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Thread: Newbie Producer

  1. #11
    Tech Mentor
    Join Date
    Sep 2012


    My favorite advice I have received is to do a lot of "active" listening.

    This is where you sit down and listen to the song and dissect each part, figure out the movements, how the song is building up energy or bringing it down. Active listening is where you put all your focus on listening to the song and try and figure out how certain parts click.

    Also for a lot of house tracks, you'll notice the intro drums are the same as the drums played in the "drop" and the outro. So don't start with the intro, spend your time building the meat of the song, that way your intro you can just copy and paste your main drums and add a little creative atmosphere here and there

  2. #12


    watch for sonic academy courses.

  3. #13
    Tech Wizard
    Join Date
    May 2011


    +1 for active listening! Very valuable exercise!

  4. #14
    Join Date
    Oct 2016

    Thumbs up

    See if you can get your hands on a completed project file for Logic. Then you can study it and see how everything was produced. I know Splice had some projects up. Once you understand how to use your DAW, and the other essential things like eq-ing, leaving space in your mix, using side-chain, etc... Then you can start letting your creative mind go. I started by using my creativity and trying to make projects, but they ended up all sounding awful cause I didn't have the first clue why my kicks weren't loud, why my bass was getting washed out, why everything sounded muddy, and whatever else I can't remember. It was frustrating. If I could restart, I wish I would have studied the production aspect first. Once you get a grasp on that, I would study some music theory, all the different scales as well as chord progressions. Hope that helps!

  5. #15
    Tech Wizard
    Join Date
    Jan 2017
    MA, USA


    active listening works best for me. I also listen to all types of music when I am not producing or mixing.

    I used active listening to better my mixing skills. I would say to also active listen to your own productions.

  6. #16
    Tech Mentor ragverp's Avatar
    Join Date
    Sep 2015


    production process may vary per individual, this works different for everybody but the thing i just learned sounds very helpfull.

    The process is like this (this is done in ableton but applies to any daw) Load a track you really like in an audio track in the arrangement window, set the tempo of you daw the same as the song so the bars(or warp) align and start adding markers with explanation to the parts you see and hear mapping the song structure.
    if done correctly you will end up with a layout of the song , you will have markers like intro, drums, start hihat,start bassline, break, buildup, drop etc etc. If you then delete the wav file of the song the markers are still there and you will end up with the skeleton of the reference song and you can start building your own song on this skeleton to have some help, you can always change things but its helpful and you have an idea how a song is build, try this for different genres to see the difference of song structure between techno, drum & bass, Electro etc etc for instance you will notice that with techno you see chances in the song every 4 bars or a sum of this ie 8,16,32 bars adding or taking away a element of the song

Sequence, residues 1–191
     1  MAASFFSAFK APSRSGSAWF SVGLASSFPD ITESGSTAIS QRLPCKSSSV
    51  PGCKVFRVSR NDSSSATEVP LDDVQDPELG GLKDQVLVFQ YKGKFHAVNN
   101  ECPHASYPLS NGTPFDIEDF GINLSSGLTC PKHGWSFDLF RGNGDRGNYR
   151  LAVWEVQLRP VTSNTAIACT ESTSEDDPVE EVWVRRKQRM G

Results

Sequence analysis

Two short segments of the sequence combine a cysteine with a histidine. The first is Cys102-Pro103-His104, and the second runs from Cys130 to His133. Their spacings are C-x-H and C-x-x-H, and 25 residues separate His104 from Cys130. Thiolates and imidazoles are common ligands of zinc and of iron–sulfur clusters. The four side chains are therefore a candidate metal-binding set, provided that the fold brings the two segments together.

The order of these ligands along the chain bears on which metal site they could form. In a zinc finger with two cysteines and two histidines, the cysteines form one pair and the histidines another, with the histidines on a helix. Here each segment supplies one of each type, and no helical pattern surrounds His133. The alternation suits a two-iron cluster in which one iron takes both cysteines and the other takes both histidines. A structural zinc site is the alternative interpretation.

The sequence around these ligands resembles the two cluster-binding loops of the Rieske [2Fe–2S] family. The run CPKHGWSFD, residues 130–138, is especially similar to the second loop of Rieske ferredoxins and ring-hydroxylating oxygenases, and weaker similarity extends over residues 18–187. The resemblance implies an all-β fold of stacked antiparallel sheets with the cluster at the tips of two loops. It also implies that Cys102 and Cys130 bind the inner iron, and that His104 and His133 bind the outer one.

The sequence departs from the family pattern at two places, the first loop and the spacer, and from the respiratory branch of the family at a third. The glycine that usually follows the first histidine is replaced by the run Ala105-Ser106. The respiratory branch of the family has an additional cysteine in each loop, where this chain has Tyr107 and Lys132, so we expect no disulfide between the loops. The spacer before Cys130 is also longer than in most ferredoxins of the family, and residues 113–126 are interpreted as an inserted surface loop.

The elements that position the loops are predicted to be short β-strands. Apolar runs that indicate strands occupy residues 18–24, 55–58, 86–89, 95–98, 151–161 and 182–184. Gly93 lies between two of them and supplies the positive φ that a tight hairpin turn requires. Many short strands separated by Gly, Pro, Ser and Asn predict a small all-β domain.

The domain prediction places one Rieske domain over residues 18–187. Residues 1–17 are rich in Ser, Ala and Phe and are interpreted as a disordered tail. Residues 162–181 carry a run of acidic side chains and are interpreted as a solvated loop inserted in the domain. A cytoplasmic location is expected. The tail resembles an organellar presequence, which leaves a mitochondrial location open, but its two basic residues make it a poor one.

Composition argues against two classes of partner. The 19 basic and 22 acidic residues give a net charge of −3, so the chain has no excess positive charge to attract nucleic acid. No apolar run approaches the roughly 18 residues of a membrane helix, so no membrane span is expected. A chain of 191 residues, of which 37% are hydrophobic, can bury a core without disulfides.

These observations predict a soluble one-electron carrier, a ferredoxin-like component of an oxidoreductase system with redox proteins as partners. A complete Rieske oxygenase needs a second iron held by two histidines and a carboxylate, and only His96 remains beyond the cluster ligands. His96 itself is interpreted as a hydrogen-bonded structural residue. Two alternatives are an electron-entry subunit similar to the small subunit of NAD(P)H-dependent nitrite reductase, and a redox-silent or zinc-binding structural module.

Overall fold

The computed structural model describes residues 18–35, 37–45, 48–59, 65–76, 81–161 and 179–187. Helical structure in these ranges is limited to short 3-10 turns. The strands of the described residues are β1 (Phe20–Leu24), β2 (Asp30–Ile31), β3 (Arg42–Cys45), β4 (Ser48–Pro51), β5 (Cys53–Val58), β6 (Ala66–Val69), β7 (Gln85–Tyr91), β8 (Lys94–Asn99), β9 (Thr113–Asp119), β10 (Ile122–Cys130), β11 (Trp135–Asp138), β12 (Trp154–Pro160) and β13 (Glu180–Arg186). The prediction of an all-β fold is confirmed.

also try to find a decent workflow, for me its building a beat and adding melody and bass line, for some one else its making a melody and adding the beat etc etc .

    read up on masking, phasing and how sound works, important things to know when producing

    Google is your friend
    Last edited by ragverp; 06-07-2017 at 01:58 AM.
    Allen & Heath DB4, Xone K2, 2x Native instrument D2

  7. #17


    Quote Originally Posted by tilldrop View Post
    1. Reading the manual. Yes.
    2. YouTube has TONS of good material. Don't be afraid to type "Logic X" + a genre or tecnique.
    3. There are some good books on this topic. It really depends on your current knowledge, but Dance Music Manual generally is a good point to start with.
    4. Don't get fooled that you need to spend more money on software and hardware. If you know your stuff you can make a hit with a computer, a DAW and some headphones.
    5. Focus as much as you can on actually making music.
    6. If you want progress you got to work on that. Fiddling around is fun and will get you a little further too. However if you want to step up the game some day you got to learn music theory, learn how to play at least one instrument and also don't be afraid to learn a bit of the physics side of things.
    7. Have fun. There should be no other reason to make music.
    8. Don't pirate.
    thank u for sharing you experient

  8. #18
    Tech Convert
    Join Date
    Oct 2018
    Los Angeles


    I think manipulating samples is a great way to start.
    Eases the pressure of sound design and you can go right into writing!

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